Work

Reuters/Navesh Chitrakar

The World's Most Worker-Friendly Countries, in 7 Charts

From legally enshrined vacations to how far an hour’s wage will go.

Guesswho

The 'Indian Banksy' Asks Viewers to Reconsider the Democracy of Art

Anonymous street artist "Guesswho" questions the place of contemporary art in India.

Irene Caselli

How Argentina's 'Loony Radio' Is Changing Attitudes About Mental Health

Broadcast from inside a mental hospital, Buenos Aires' Radio La Colifata challenges preconceptions about mental illness.

Aaron Starr / xtranormal

The Tragic Comedy of Small Business Permitting

A New Year’s resolution for cities: Quit drowning small businesses in outdated red tape.

John Holzer/Flickr

How Vista, California, Became the Capital of Craft Beer

In just the past few years, a suburb of San Diego has become a national destination for beer brewers and connoisseurs.

Robin McConnell/Flickr

Should We All Be Eating Reindeer Meat?

A British supermarket is under fire for selling reindeer steaks. Is this "sick novelty for profit," or an eco-smart protein option?

Hernan Cazares

Welcome to the Startup Tijuana

With the violence of the drug war behind it, the border city is experiencing a boom of arts and startup activity, spurred by the group Reactivando Espacios.  

Brian Libby

Can an Art Collector Save a Portland Ruin?

Jordan Schnitzer wants to turn the long-dilapidated Centennial Mills into the city's next revitalized neighborhood—even if it means reaching into his own pocket.

Wilson Wong/Flickr

Where Can Singaporeans Relax? At the Comedy Club

In a city-state that's wary of talk about race and religion, a burgeoning stand-up scene offers a welcome respite.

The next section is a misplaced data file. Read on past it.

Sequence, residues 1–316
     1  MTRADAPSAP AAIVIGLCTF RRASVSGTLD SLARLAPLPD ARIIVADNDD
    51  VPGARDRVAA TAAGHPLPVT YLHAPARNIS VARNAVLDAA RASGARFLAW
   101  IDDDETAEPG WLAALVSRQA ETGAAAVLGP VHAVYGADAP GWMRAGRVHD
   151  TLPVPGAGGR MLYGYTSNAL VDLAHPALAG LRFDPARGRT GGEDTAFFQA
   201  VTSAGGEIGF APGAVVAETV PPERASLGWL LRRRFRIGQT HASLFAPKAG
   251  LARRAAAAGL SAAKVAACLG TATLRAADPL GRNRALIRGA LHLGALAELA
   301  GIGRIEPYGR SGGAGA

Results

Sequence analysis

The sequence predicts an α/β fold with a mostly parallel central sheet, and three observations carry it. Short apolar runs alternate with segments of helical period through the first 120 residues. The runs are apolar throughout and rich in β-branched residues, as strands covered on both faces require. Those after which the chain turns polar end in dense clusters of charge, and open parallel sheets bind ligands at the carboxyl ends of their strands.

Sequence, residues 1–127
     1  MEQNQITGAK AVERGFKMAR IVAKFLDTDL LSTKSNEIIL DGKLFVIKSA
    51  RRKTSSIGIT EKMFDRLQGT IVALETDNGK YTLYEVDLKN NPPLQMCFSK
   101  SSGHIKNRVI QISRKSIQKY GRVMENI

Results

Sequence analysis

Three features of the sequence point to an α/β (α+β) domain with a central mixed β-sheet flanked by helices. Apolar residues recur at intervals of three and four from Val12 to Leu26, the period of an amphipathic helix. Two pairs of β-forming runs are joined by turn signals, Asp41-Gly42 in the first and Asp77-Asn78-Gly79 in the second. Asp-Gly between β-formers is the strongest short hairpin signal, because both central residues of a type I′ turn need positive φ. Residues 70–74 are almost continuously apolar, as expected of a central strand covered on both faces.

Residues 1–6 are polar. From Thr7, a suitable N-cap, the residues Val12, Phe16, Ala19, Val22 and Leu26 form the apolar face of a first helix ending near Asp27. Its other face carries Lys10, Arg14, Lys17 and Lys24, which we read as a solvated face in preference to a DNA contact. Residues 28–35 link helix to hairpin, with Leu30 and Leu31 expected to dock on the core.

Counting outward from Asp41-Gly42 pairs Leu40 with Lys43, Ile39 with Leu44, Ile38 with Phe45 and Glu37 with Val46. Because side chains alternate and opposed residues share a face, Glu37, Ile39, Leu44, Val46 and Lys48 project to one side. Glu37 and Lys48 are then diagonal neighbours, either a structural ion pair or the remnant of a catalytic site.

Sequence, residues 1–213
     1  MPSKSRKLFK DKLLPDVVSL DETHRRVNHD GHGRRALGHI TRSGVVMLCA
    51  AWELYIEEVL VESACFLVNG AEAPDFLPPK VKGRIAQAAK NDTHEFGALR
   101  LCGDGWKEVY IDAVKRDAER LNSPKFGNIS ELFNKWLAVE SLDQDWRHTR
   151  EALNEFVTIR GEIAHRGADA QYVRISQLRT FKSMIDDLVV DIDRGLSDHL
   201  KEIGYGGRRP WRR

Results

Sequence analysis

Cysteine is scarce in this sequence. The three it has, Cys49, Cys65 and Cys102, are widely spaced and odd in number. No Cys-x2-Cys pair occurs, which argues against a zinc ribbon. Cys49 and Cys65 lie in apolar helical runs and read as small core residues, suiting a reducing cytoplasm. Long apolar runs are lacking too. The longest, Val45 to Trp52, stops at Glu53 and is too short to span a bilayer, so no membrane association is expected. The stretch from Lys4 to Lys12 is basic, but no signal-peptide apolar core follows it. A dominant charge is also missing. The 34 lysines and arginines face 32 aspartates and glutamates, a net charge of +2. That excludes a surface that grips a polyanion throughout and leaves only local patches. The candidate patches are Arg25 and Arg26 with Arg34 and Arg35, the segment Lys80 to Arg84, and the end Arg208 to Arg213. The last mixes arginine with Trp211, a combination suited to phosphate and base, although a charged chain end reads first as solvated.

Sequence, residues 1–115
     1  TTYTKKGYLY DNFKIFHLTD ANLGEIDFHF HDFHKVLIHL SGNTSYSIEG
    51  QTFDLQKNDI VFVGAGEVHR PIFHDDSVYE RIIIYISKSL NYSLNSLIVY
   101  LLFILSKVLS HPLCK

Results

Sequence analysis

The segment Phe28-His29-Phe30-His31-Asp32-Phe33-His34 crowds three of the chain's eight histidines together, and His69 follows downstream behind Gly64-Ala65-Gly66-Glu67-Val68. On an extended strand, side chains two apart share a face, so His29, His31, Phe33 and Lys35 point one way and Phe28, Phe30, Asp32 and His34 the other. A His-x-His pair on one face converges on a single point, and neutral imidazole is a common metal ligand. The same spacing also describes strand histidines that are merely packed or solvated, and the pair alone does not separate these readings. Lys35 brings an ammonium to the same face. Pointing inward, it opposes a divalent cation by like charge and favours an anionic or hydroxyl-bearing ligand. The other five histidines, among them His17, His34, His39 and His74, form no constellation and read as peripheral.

Videos
Leah Thompson

Inside China's 'Back to the Land' Movement

At the same time China is rapidly urbanizing, a new documentary explores how some former city-dwellers are trying to revitalize the countryside.

Frank Mullin

A Providence Library Becomes a Sort of Secular Church

Athenaeums—membership libraries—might seem like fusty relics of the 19th century. But the Providence Athenaeum has become a lively center for intellectual engagement.

Courtesy of Catherine McNeur

When Gentrification Meant Driving the Hogs Out of Manhattan

In 19th-century New York, urban livestock were perceived as a threat to the image and future of the nation's largest city.

Next Economy
SkiStar/Flickr

In the Search for Affordable Childcare, Location Is Everything

The cost of center-based services for children varies widely throughout the U.S., and so can the availability of financial assistance for low-income families.

Gustav Hoiland/Flagship Photo

Is This What 'Innovation' Looks Like?

As cities go wild for innovation, Boston's award-winning District Hall tries to distill the concept into physical form.

George Eastman House

The Death and Life of the 13-Month Calendar

Favored by leaders in transportation and logistics, the International Fixed Calendar was a favorite of Kodak founder George Eastman, whose company used it until 1989.

AP images

On Immigration, Gaining the Support of Mayors Is as Much Practical as It Is Political

Cities with large foreign-born populations are likely to process the bulk of applicants following Obama's executive order.

Connie Ma/Flickr

In Southwest Chicago, Environmental Groups Must Also Grapple With a Sluggish Economy

After working together to shut down a pair of coal plants, three grassroots organizations no longer see exactly eye to eye on the best way forward for their community.

Flickr/That Hartford Guy

Go to ... Hartford, Young Man?

The financial prospects of young adults in the U.S. look pretty grim across the board. But not in Hartford.